Geico's Cavemen Underwhelmed by Show About Them

By Michael S. Rosenwald
Cavemen are, by their very nature, extremely insecure. Anyone who has seen them in Geico's auto insurance commercials knows that they take any slight very seriously, whether it be from their shrinks or from television newscasters.

So it was only natural, we suppose, that Geico's cavemen would feel impugned by a TV show about cavemen -- inspired by them! -- that didn't use cavemen to play the roles of cavemen.

During last weekend's Super Bowl, the cavemen (funded by Geico) showed up on millions of TV screens to register their reaction in between breaks in the action. The cavemen were apparently just wrapping up watching an episode of the ABC show, which has been widely panned.

They seemed miffed.

"A TV show -- about us," one caveman said, the shock on his face hidden by a lot of hair.

The other caveman said, "What was the deal with that makeup?"

"Exactly," his hairy friend said. "Why not just use real cavemen?"

"Well, I thought their diction was good," the other caveman said. "You could hear everything they were saying."

Whether or not the show comes back on the air is anyone's guess -- that writer's strike in Hollywood has, for better or worse, doomed many shows. But one thing is clear, according to executives at the Martin Agency, the Richmond ad firm behind the ads: The cavemen have their own voices again.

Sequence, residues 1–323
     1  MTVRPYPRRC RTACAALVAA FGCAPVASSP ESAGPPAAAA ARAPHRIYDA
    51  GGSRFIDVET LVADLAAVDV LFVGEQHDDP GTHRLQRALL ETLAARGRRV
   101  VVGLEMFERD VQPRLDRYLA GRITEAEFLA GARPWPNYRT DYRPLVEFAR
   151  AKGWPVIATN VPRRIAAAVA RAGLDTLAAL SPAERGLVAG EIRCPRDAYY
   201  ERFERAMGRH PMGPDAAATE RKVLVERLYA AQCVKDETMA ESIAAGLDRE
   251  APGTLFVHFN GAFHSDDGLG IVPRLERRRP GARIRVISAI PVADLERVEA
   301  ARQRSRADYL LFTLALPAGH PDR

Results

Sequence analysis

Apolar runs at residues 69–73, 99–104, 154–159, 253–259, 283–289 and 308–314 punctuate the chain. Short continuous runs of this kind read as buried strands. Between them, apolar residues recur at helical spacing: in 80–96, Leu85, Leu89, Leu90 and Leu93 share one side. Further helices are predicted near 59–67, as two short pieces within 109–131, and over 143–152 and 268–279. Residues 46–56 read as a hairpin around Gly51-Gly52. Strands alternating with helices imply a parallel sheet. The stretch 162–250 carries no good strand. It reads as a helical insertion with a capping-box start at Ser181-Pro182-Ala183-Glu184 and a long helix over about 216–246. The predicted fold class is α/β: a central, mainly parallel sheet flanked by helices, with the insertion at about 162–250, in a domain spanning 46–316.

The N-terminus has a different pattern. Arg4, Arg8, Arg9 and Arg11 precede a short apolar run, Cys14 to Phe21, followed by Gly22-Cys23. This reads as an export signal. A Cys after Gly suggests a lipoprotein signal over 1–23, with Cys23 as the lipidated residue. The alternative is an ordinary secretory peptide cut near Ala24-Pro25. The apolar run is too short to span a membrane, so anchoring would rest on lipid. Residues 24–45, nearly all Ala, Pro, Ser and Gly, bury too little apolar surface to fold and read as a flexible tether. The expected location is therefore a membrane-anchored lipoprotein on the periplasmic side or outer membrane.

"It's nice that we can take them back and see where they might go from here," said Steve Bassett, creative director the for Martin Agency.

But it's unlikely that the cavemen will ever be happy.

"The cavemen are never going to feel great about themselves. Every time they think they are getting a break the rug is pulled out from under them," Bassett said. "A happy caveman is not a really interesting caveman. If Charlie Brown ever gets to kick the football, it won't be interesting anymore."

By Mike Shepard  |  February 8, 2008; 3:14 PM ET  | Category:  Media
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A brilliant commercial. I can't wait to see more!

Posted by: David | February 11, 2008 1:27 PM

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